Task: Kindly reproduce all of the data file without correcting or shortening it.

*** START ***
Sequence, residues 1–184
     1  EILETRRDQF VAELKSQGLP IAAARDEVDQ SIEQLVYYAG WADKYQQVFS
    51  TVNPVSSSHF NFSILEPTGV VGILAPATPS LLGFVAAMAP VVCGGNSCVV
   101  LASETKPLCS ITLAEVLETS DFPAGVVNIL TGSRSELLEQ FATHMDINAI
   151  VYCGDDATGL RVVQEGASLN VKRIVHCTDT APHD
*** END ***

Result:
Sequence, residues 1–184
     1  EILETRRDQF VAELKSQGLP IAAARDEVDQ SIEQLVYYAG WADKYQQVFS
    51  TVNPVSSSHF NFSILEPTGV VGILAPATPS LLGFVAAMAP VVCGGNSCVV
   101  LASETKPLCS ITLAEVLETS DFPAGVVNIL TGSRSELLEQ FATHMDINAI
   151  VYCGDDATGL RVVQEGASLN VKRIVHCTDT APHD